Politics Sean Spicer, Russ Vought sue Biden over Naval Board removal
Biden’s unity purge of military advisory boards
“For without unity, there is no peace, only bitterness and fury. No progress, only exhausting outrage. No nation, only a state of chaos. This is our historic moment of crisis and challenge, and unity is the path forward.” © Provided by Washington Examiner President Joe Biden spoke these words when he was inaugurated on Jan. 20. But Wednesday, in the midst of multiple scandals, debacles, and crumbling support, and on the eve of the 20th anniversary of 9/11, Biden demanded the resignation of 18 of former President Donald Trump’s appointees from government advisory boards, despite their three-year terms. So much for unity.
Former White House press secretary Sean Spicer and former Office of Management and Budget Director Russ Vought are suing President Biden over the president's request that they resign from the Board of Visitors at the U.S. Naval Academy.
TheThursday in federal court in Washington, D.C., by America First Legal on behalf of Spicer - who is now a host at Newsmax - and Vought, both of whom served in the Trump administration.
The former officials, who were appointed to the posts by former President Trump, are requesting a temporary restraining order and preliminary and permanent injunctions to stop their "unlawful removal."
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America First Legal said the lawsuit was in response to the Biden administration's "unprecedented decision to oust them from their duly-appointed positions on the Board of Visitors of the U.S. Naval Academy."
"Sean Spicer and Russ Vought are American patriots who were appointed to positions on the Board of Visitors at the United States Naval Academy because of their ability to contribute to the Board with their unique skills and tremendous experiences," Gene Hamilton, vice president and general counsel of America First Legal, said in a statement.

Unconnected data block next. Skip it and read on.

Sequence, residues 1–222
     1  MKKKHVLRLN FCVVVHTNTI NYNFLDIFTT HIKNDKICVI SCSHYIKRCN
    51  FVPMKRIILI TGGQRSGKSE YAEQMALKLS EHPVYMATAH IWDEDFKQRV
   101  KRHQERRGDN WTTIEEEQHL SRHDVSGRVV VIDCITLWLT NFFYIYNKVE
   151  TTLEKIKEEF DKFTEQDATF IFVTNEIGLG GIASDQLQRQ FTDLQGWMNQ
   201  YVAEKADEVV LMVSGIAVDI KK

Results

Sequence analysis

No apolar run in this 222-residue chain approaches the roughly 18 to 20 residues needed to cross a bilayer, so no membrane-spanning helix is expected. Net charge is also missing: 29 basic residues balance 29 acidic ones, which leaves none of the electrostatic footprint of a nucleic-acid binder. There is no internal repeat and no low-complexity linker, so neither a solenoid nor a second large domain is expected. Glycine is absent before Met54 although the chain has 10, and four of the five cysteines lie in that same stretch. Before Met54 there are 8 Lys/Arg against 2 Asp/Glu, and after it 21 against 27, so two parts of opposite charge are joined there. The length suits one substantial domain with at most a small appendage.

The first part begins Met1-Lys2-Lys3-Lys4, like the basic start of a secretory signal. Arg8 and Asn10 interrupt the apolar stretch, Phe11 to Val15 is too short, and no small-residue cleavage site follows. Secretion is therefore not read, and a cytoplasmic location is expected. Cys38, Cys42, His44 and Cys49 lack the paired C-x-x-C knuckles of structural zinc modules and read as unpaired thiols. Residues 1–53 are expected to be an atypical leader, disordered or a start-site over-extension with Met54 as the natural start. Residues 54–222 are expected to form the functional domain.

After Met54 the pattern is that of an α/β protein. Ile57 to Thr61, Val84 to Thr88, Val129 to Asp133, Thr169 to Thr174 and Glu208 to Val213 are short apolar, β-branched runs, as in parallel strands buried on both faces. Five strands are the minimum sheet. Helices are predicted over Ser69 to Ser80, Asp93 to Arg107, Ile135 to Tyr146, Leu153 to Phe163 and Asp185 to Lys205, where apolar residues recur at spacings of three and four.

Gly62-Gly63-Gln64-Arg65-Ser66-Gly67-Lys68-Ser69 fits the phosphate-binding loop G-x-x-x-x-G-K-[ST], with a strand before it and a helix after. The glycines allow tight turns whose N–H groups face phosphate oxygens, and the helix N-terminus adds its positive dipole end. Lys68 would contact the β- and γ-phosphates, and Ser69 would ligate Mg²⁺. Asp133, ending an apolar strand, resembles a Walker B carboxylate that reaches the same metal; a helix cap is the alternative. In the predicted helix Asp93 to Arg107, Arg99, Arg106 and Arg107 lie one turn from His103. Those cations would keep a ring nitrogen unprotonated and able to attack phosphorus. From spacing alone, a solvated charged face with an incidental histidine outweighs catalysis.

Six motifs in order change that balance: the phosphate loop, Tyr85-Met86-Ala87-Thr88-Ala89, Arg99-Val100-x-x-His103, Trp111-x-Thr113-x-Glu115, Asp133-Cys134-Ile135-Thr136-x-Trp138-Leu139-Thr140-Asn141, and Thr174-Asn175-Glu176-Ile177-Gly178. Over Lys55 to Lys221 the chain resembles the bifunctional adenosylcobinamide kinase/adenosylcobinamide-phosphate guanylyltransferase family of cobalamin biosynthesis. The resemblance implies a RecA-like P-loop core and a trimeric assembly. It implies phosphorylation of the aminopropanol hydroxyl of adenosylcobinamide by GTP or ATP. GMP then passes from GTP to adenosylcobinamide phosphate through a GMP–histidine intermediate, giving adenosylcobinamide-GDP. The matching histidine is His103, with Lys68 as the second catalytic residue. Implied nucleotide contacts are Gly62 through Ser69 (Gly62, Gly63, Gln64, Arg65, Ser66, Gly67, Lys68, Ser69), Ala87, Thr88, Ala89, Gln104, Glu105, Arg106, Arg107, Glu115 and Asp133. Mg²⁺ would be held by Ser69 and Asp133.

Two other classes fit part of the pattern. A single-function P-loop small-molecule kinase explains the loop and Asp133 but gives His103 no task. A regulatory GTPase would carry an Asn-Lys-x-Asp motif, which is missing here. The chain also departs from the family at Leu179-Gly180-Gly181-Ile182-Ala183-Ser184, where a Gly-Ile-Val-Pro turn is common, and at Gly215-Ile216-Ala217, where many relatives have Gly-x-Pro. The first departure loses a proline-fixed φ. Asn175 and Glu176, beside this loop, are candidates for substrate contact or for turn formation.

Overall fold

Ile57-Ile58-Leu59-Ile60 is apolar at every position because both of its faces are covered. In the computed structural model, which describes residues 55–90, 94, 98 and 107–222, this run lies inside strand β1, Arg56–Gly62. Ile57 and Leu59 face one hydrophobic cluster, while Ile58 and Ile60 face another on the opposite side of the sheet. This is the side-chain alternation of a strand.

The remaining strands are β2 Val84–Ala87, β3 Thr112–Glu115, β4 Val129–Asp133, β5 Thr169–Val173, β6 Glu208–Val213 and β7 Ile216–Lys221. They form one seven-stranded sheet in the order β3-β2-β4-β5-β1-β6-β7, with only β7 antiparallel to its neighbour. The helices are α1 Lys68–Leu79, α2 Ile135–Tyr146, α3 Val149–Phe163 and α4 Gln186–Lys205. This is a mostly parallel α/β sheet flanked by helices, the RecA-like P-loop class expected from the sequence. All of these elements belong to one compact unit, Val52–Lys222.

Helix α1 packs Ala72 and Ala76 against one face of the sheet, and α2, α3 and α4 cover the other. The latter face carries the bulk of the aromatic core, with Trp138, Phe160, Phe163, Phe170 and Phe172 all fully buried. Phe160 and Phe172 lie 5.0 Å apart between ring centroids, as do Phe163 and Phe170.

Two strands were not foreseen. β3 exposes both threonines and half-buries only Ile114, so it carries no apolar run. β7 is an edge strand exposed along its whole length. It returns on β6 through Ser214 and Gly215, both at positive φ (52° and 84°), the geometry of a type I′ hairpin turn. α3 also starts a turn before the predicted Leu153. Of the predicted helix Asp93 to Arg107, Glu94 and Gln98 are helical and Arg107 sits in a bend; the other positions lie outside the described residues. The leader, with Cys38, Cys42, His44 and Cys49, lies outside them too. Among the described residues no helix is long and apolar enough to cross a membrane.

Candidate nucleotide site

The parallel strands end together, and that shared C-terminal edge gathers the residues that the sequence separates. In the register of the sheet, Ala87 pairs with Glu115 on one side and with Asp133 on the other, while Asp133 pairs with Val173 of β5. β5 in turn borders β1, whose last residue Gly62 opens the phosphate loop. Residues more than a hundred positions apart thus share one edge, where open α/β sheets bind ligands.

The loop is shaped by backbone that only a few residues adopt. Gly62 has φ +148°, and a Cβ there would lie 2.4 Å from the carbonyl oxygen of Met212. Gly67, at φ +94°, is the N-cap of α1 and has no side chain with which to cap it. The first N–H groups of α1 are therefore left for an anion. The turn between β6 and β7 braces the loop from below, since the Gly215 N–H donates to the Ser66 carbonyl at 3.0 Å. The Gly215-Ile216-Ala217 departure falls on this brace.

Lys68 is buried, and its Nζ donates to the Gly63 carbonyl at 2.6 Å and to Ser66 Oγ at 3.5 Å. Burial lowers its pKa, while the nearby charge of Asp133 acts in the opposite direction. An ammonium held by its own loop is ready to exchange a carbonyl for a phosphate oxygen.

"President Biden's threatened dismissal of them before their terms expire-from the purely advisory Board of Visitors, an entity that exercises no executive power whatsoever-violates the law," he added.
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A politically weakened President Joe Biden is looking to spark a turnaround with a renewed focus on his domestic agenda after a month marred by a spike in Covid-19 cases and a messy withdrawal from Afghanistan. © Evan Vucci/AP President Joe Biden delivers remarks on the economy in the East Room of the White House, Thursday, Sept. 16, 2021, in Washington, DC. Officials tell CNN the President is now determined to recalibrate around his massive economic proposals: a $3.5 trillion budget bill and $1.2 trillion bipartisan infrastructure bill. He hopes to recapture momentum lost over a calamitous August.
The lawsuit comes after the White House this month asked Trump appointees to resign from the advisory boards of the Naval Academy, Air Force Academy and West Point.
The appointees included Spicer, Vought, former Senior Counselor to the President Kellyanne Conway and former national security adviser H.R. McMaster.
Catherine Russell, assistant to the president, on Sept. 8 sent letters to Spicer and Vought on behalf of Biden asking the former officials to "submit your resignation to me by the close of business today."
"Should we not receive your resignation, your position with the Board will be terminated effected 6:00 pm tonight," Russell added.
Appointments to the Naval Board are for three-years terms. Typically, board appointments span across presidential administrations.
Spicer's term was set to end in December, and Vought's at the end of 2023.
Spicer and Vought argue that no statute exists that allows "at-will presidential removal" from the board.
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White House press secretary Jen Psaki at a briefing this month explained Biden's position on requesting the resignations.
"The president's objective is what any president's objective is, which is to ensure you have nominees and people serving on these boards who are qualified to serve on them and who are aligned with your values," Psaki said.
"And so yes that was an ask that was made," she added.
Spicer at the time said he was not resigning from his post, adding that he would "be joining a lawsuit to fight this."
Conway also put out a statement saying she would not resign.
"I'm not resigning, but you should," she wrote in a letter to the president.
Hamilton said Biden's request for the resignations is an attempt by the administration to "distract the American people" from the situation in Afghanistan.
"For a President who has pledged to unify the country, terminating two highly qualified individuals from serving on this Board instead of focusing on the botched withdrawal from Afghanistan that left Americans stranded, is clearly an attempt to distract the American people," Hamilton said in Thursday's statement.
"The Administration is clearly trying to avoid the oversight that Congress set out to achieve," he added.
When reached for comment the White House referred to Psaki's remarks earlier in the month.
Updated at 6:31 p.m.
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